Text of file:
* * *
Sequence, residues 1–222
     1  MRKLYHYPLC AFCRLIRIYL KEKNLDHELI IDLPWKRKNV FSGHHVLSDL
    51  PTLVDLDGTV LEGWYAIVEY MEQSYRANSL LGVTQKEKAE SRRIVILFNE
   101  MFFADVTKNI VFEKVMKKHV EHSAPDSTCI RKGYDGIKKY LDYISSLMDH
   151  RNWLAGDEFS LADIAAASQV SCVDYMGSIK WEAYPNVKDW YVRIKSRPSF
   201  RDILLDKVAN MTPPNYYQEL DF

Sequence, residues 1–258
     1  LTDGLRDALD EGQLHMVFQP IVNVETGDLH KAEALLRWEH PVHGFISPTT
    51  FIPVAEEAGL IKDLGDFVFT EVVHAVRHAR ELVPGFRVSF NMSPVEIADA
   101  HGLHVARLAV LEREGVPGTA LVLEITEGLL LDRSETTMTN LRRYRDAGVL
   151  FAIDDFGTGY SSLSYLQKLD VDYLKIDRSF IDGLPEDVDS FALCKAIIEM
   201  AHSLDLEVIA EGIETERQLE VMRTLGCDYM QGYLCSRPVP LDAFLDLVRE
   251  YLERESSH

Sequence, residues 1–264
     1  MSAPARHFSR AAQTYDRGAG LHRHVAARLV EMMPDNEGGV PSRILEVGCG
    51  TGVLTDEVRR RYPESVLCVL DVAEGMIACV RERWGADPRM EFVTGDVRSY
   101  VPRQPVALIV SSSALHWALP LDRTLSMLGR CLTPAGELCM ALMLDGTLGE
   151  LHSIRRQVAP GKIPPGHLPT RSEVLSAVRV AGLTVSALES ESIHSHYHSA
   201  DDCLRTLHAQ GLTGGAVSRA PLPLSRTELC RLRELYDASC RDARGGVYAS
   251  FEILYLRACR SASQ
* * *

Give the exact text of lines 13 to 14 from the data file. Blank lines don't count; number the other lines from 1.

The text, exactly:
   251  YLERESSH

Sequence, residues 1–264